A Scratching Not a Biting
Bureau, New York
10 January 10 – 14 February 14 2015
The words ‘A Scratching Not a Biting’ evoke wilful action and physical sensation. Picture a dog scratching purposefully at the ground, creating both a performance and a visible mark. ‘Not a biting’ suggests an avoidance of direct aggression, however; despite their expressive or sensual tenor, the works in this exhibition – which encompass performance (captured on video), painting, sculpture and photography – don’t force their presence or stray far from a sense of humour or self-effacement.
Like that scratching dog, the motivation behind Aaron Garber-Maikovska’s movements in the video Kitchen (2011) remains unclear. Nonetheless, the fervent gestures he performs in a nondescript kitchen are highly compelling. He homes in on the bare countertop, slapping it with his palms, plotting swiftly with his fingertips and bouncing his hands as if follow- ing an invisible plan, almost as if the surface were hot to the touch. In this wordless demonstration one senses that the strength and determination of his actions, which flow without pause, are born not of forethought but of an obsessive compulsion he has come to accept and to use. These movements appear refined by the force of habit and repetition; the sound of his gasps and short breaths adds to this atmosphere of urgency and dynamism.
Garber-Maikovska’s performance is echoed nicely in three of his ink-and-pastel compositions (all 2015), whose coloured patches and black swipes testify to the energy that drives his artistic output. Two oil paintings by Charlie Billingham, Strike 1 and Strike 2 (both 2015), express a similar expressive force, though this time it is contained within the subject matter and its implicit narrative: in each painting a figure in profile, the head and legs of which have been strangely cropped, hugs its torso tightly, giving off an air of stubborn anticipation; the paintings are hung next to each other so that the figures appear to be standing back-to-back. What looks like a truncheon is thrust beneath their arms, and the unruly, outdated clothing combined with a certain cartoonish handling implies that these are characters culled from nineteenth-century satirical drawings. The paintings are compelling not least for this unusual air of anachronism and the swapping of colours between them: denied any background context, one figure wears a blue shirt and is placed against an emerald green field; the other sports a shirt of the same green against a background of the matching blue.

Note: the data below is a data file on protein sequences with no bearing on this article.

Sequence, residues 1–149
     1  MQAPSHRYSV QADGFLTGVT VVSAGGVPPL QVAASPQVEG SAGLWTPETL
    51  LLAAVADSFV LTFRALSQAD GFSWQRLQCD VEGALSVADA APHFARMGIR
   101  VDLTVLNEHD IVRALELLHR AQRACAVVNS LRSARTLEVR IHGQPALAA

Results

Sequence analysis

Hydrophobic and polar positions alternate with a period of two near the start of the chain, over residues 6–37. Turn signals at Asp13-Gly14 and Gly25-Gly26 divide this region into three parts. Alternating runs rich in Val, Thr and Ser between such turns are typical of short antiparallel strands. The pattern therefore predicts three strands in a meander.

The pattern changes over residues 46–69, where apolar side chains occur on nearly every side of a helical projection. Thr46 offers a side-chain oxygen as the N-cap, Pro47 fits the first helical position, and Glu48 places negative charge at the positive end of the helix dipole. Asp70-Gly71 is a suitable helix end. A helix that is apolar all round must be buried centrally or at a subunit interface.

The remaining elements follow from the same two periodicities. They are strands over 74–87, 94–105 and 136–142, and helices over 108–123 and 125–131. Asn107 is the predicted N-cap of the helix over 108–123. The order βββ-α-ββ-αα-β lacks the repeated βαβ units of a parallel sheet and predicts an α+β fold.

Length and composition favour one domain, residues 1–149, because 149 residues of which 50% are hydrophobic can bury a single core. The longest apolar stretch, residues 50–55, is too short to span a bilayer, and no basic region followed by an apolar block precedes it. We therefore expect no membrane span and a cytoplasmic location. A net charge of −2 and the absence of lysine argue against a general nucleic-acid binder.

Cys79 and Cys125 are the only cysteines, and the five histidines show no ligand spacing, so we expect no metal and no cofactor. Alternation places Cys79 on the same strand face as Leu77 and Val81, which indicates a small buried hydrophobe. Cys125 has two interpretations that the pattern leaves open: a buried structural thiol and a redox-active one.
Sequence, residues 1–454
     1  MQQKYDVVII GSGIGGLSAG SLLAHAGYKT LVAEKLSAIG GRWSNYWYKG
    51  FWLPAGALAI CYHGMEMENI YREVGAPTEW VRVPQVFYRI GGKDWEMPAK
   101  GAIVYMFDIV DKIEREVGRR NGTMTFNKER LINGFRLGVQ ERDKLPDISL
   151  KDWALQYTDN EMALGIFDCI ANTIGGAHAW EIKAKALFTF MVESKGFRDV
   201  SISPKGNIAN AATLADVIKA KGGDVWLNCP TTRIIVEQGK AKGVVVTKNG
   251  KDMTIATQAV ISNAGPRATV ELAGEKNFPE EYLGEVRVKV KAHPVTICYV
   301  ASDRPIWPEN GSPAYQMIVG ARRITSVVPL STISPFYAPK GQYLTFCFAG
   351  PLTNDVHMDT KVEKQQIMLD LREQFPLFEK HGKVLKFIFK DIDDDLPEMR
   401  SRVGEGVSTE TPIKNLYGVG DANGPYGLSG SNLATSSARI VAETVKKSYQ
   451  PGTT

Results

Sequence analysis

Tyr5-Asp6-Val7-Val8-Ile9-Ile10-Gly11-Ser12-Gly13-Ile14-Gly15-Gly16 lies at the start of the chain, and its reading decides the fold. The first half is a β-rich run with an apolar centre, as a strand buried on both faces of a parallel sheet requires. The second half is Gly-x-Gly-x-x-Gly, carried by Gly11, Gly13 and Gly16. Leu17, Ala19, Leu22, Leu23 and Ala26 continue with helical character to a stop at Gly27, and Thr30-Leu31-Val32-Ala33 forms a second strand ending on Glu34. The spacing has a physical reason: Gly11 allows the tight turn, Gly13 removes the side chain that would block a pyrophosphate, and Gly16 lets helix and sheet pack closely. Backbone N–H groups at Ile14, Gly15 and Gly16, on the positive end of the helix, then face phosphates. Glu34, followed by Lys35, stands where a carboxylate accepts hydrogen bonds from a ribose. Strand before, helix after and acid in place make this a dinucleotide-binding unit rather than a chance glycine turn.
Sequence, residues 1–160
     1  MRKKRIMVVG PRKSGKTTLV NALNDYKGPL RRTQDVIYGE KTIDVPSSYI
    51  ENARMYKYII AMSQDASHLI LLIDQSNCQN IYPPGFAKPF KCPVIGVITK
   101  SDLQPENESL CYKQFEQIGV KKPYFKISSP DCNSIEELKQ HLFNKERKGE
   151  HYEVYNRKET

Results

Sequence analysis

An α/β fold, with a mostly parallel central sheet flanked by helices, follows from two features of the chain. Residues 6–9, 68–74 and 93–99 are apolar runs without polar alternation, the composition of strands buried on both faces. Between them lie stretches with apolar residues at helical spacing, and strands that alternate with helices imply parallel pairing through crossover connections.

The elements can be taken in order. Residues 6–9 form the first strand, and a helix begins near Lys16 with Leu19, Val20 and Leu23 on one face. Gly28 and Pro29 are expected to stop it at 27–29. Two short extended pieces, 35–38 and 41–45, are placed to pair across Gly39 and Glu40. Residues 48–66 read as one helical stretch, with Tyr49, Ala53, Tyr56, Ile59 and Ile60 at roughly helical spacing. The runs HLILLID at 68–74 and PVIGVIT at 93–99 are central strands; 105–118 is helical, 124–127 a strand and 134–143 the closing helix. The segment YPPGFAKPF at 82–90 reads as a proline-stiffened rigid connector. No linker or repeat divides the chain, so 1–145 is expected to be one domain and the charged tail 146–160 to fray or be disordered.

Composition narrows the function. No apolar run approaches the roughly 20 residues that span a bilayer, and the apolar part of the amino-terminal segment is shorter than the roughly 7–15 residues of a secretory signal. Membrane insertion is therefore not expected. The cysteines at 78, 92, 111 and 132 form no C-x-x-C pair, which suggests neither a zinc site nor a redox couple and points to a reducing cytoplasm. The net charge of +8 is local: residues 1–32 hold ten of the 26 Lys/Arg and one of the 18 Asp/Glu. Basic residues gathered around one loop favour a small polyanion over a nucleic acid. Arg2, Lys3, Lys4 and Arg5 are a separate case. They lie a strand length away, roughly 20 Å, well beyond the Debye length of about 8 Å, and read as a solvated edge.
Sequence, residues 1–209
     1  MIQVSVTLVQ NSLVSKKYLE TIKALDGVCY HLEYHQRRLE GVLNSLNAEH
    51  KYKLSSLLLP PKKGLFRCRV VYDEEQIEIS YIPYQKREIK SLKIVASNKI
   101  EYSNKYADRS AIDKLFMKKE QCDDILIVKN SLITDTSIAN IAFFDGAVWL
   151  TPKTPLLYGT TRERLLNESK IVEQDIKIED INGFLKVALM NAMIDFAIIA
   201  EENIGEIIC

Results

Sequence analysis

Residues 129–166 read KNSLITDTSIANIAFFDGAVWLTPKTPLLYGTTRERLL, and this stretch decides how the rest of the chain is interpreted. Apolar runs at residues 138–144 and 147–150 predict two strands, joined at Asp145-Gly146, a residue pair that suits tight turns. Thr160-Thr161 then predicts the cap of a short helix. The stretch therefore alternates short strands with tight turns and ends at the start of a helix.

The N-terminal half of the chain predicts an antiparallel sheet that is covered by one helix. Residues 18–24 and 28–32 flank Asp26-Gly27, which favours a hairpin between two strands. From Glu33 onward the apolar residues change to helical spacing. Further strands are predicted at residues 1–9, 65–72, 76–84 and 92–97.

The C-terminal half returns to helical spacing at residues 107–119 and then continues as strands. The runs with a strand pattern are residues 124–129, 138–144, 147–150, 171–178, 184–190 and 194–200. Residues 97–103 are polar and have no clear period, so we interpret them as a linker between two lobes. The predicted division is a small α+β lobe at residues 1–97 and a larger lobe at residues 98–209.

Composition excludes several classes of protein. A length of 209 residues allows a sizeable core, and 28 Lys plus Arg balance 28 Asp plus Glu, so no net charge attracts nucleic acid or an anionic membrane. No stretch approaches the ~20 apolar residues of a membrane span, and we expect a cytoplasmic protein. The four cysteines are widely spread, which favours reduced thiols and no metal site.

The work of the other three artists in the show is loosely conversant in a different way. Daniel Dewar and Grégory Gicquel work together, often learning a new craft technique for the purpose of making something as a combined effort. Their humbly titled Stoneware Mural with Pipes No. 2 (2015) is an uncanny piece. From a roughly two-metre-wide landscape panel composed of fired ceramic tiles in varying shades of yellow and light brown protrude ten curved or comically straight-stemmed pipes attached to the tiles by their bowls. Their placement is odd, and without apparent reason, reminding one perhaps of crustaceans that have affixed themselves to a sea wall. They point across the room towards two sculptures, demurely titled Stoneware Vessels (2013), also by Dewar and Gicquel, which are modelled on a toilet bowl and bidet. The wall flanking the Stoneware Vessels displays two untitled photographs by Carina Brandes, in each of which two naked figures recline and slide over a bronze bear statue. Slightly blurred, the people strive to cling to the polished, rounded body of the animal (a form slightly echoing the Vessels), while each person’s gender is kept hidden. We see only their forms in profile, torsos curled over with their behinds facing each other (echoing Billingham’s figures), or holding on by the hips, legs bent with hair falling over their faces. One detects a deliberate play by the exhibition’s organisers here between phallic pipes, bathroom-related sculptures and these slippery, noir-ish bodies.
In tune with its title, which conveys expressive curiosity over conclusive action, A Scratching Not a Biting assembles a group of works that might at first seem ambiguous in their intentions. As one explores the show, however, subtle connections – between figures who don’t face each other, for example, the shapes of bathroom ware and bodies, or move- ments exacted on a kitchen surface or canvas – reveal simultaneously the strength of each artist’s work and an intriguing cadence of sensations among them.